The action of moving down a tree by following branches from parent to child. This term emphasizes that the algorithm stops at each node along the way.
To walk through all of the nodes in a tree. There are several ways to traverse. A pre-order traversal starts with the root node, then the left subtree, then the right subtree. A post-order traversal does the root node last. And an infix traversal traverses the left subtree, then the root, then the right subtree.
This is a measure of how the number of steps an algorithm takes relates to the size of its input. Usually the size of the input, for example, the number of elements in the data set being searched, is denoted with n. The complexity in turn describes how the number of steps relates to the size of n. For example, a binary search on n elements requires on the order of log(n) steps. Note that constant coefficients and lesser terms are dropped out in a complexity measurement.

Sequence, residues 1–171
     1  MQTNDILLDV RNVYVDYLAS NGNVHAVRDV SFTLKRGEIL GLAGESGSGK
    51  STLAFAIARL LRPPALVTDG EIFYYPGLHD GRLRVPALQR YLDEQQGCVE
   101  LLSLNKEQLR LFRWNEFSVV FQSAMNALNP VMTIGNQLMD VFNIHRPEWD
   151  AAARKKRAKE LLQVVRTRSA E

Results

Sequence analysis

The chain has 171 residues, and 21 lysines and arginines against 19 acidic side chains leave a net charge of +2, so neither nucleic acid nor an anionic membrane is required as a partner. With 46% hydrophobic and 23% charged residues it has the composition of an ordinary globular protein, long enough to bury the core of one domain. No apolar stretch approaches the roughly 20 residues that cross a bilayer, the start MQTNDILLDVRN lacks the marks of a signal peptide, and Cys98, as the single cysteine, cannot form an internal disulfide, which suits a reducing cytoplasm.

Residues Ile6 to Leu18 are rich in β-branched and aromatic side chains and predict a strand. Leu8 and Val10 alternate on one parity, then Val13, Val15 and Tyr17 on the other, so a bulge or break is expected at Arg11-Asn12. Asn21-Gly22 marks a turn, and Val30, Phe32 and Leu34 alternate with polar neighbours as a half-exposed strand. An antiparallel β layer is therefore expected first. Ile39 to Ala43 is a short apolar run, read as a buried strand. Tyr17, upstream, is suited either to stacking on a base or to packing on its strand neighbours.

A tree where the root node's data is greater in value than the data of each descendent and where the subtrees are all heaps as well.